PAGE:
The Duchess of Northumberland says on the garden's website, "I wondered why so many gardens around the world focused on the healing power of plants rather than their ability to kill... I felt that most children I knew would be more interested in hearing how a plant killed, how long it would take you to die if you ate it and how gruesome and painful the death might be." My kind of lady.

Wednesday, November 14, 2012

Warm kale salad with roasted butternut squash, parsnips, and caramelized red onions

Recently, someone told me she'd cancelled her CSA box after one too many deliveries of kale and butternut squash. Those of you in similar situations might want to bookmark this warm winter salad. Kale's assertive, slightly bitter flavor can be too much on its own, but provides the perfect balance for the sweetness of roasted winter squash and parsnips, caramelized red onions, and maple-balsamic dressing.

Full recipe at our new site: Plant and!

Continue reading Warm kale salad with roasted butternut squash, parsnips, and caramelized red onions on

Monday, November 12, 2012

Growing my own garlic

Garlic (Allium sativum) plants

As I was editing the photos for this post, a friend of mine posted on Facebook about the 25 lbs of garlic he was getting ready to plant. That's about a thousand plants. My garlic patch has maybe three dozen plants. This is the difference between gardening and farming; the difference between growing something for variety and growing it to supply your next year's needs. That, and a few orders of magnitude of labor. 

Still, I'm pleased with my garlic. I've got three different kinds going, and they should be ready for harvest next summer, assuming the squirrels don't dig them all up first. 

Garlic (Allium sativum): Silver Rose, Inchelium Red, Italian Late

Friday, November 9, 2012

November stew


I am generally not a fan of cold, gloomy days. On the other hand, they do provide a good incentive to make stew. Just browning the onions makes the house smell warm and inviting. Plus, if you deglaze the pan with red wine right after you brown the meat and onions, you can pour yourself a glass at the same time and enjoy it while the stew simmers. Just don't forget to stir the pot once in a while.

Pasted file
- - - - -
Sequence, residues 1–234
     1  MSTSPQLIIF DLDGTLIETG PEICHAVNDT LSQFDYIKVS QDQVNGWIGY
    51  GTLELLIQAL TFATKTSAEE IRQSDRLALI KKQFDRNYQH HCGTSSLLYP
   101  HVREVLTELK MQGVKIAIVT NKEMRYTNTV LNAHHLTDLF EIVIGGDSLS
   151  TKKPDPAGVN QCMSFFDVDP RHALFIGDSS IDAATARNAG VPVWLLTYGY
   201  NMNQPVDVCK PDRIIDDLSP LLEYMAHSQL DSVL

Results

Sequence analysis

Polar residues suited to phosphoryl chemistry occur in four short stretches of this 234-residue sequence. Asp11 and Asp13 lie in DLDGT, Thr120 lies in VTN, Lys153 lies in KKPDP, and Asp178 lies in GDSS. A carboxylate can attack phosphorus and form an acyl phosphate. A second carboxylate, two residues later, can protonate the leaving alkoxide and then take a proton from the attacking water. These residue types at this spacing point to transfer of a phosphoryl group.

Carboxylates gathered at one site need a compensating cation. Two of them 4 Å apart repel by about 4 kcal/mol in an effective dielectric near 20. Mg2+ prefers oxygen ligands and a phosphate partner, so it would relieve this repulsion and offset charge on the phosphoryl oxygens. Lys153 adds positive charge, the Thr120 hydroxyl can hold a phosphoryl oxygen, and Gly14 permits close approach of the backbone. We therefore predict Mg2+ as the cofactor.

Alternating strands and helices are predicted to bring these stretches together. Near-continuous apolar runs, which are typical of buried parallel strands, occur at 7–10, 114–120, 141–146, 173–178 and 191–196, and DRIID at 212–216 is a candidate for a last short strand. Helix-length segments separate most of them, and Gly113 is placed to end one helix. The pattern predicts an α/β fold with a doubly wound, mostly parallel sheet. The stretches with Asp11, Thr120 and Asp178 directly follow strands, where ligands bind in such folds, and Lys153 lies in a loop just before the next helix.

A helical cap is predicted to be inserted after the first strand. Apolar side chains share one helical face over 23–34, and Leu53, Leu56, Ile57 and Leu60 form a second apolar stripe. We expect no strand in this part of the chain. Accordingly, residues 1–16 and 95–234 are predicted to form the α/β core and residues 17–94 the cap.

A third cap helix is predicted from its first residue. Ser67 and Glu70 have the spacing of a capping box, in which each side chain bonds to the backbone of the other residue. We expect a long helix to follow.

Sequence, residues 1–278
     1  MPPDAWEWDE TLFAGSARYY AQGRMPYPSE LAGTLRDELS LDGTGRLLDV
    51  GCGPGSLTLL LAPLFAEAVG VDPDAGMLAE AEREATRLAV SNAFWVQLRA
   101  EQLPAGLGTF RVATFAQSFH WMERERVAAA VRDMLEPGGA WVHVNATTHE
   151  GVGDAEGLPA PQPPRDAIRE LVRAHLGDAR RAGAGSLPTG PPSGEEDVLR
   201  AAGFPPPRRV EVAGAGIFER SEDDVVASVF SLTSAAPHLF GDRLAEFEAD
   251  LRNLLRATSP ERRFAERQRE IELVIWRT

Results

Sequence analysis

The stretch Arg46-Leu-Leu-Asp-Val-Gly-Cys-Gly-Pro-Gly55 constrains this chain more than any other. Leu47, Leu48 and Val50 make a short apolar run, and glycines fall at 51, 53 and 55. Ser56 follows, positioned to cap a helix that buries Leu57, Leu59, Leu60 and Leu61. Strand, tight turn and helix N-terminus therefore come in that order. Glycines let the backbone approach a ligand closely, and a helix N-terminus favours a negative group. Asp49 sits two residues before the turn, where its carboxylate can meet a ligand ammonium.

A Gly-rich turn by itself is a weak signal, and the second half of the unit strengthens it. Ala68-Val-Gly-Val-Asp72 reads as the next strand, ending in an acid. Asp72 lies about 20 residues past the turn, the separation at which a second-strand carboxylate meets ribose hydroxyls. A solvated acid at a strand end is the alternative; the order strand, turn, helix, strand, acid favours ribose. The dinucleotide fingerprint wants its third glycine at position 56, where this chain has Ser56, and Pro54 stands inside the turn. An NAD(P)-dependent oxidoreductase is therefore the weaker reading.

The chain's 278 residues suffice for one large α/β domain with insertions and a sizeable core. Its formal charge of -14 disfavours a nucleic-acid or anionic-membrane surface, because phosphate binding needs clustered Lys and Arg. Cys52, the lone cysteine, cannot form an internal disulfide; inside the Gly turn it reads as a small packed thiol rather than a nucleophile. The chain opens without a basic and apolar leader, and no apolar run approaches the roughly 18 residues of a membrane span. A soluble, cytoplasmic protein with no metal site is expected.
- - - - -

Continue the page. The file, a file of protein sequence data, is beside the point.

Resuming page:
Cast iron pot, from above

Wednesday, November 7, 2012

Now planting: ginger

Fresh ginger (Zingiber officinale) root with sprout

Every time I visit my dad, I return home with a few choice new vocabulary words and a renewed appreciation for ginger. Mind you, he doesn't put it on everything. It's just that he might put it on anything. In multiple forms, and generous amounts. With excellent results, more often than not. (When they're not excellent, they're at least interesting.) And let me tell you, breakfast porridge wakes you up a lot more quickly when it's been dosed with fresh grated ginger, dried powdered ginger, and candied ginger.

At home, I mostly use fresh ginger. With a ginger grater (or even a fine cheese grater) it's as easy to use as the dried or preserved kind, and I prefer the flavor. I tend to be pretty generous with it — occasionally more than my guests would like, but at least I come by it honestly. Still, I occasionally find myself with unused stumps that sit around long enough to sprout.

This time I decided to plant them. Sure, ginger is readily available at all grocery stores and has a pretty good shelf life. On the other hand, now that I know how much better homegrown potatoes are than store-bought, I'm curious to see how fresh-picked ginger root compares to the store-bought version.

Fresh ginger (Zingiber officinale) root with sprout

Sunday, November 4, 2012

Yes on CA Prop. 37, and Food Policy Action

Yes on CA Prop 37

If you're in California, remember to vote yes on CA Prop 37, which requires that GMO foods be labeled as such. Because no matter where you stand on GMOs in general, consumers should have the right to know what they're buying.

Opponents (lead by Monsanto and DuPont) are putting out a staggering amount of misinformation around this one, so please take a few minutes to review the facts at:

Got similar issues on the ballot in your area? Post them in the comments. 

Food Policy Action

For anyone concerned with food policy in the makes it easy to see where your senators and representatives stand on food policy issues. The site also covers pending bills, rules, and guidance.

Full disclosure: A friend of mine is a scientist working for EWG, whose president sits on the board of directors of Food Policy Action.

Friday, November 2, 2012

How to avoid eating all the halloween candy

Option 1: Put all the candy in a large zip-lock bag and seal it carefully. Put that one in another zip-lock bag, along with several cups of mayonnaise. Ask yourself if that miniature bar of cheap chocolate is worth getting mayonnaise all over your hands and the furniture and everything. If this doesn't work, use live spiders instead of mayo.

Option 2: Put the candy away where you can't see it and make yourself an apple crisp. It's infinitely more delicious than most halloween candy and substantially less unhealthy, even if you eat the entire crisp yourself.